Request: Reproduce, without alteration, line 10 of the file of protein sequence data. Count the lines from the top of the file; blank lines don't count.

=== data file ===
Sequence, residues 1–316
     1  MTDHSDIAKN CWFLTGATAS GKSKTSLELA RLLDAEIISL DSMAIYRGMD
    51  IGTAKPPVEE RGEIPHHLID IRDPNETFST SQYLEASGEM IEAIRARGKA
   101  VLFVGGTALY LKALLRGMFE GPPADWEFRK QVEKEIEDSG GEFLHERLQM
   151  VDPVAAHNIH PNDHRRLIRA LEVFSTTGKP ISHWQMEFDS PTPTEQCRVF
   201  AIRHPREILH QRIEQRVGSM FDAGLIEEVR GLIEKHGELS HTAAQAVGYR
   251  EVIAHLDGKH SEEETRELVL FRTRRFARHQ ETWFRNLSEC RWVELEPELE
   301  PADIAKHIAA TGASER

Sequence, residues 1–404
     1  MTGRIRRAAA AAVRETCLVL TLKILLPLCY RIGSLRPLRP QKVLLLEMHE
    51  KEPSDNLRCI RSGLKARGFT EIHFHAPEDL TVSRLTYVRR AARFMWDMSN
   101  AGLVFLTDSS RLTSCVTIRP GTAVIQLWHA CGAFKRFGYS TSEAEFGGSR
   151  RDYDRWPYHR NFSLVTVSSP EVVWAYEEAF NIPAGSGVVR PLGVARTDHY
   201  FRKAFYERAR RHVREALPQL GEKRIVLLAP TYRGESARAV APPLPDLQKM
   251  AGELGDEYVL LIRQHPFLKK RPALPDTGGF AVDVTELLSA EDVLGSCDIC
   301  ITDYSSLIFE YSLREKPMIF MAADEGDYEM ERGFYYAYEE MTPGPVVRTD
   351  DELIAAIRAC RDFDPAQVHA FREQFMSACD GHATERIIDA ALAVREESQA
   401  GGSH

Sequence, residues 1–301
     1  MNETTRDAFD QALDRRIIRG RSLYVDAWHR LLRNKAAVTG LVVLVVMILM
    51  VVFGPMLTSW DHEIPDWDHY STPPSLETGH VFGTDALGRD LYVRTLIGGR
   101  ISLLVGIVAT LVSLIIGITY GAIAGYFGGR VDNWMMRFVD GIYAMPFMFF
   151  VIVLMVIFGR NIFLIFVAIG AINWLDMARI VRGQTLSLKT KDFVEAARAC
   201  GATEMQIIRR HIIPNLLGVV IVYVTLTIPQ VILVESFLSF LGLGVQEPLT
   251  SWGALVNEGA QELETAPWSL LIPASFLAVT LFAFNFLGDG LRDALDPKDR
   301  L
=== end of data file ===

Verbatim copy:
     1  MTGRIRRAAA AAVRETCLVL TLKILLPLCY RIGSLRPLRP QKVLLLEMHE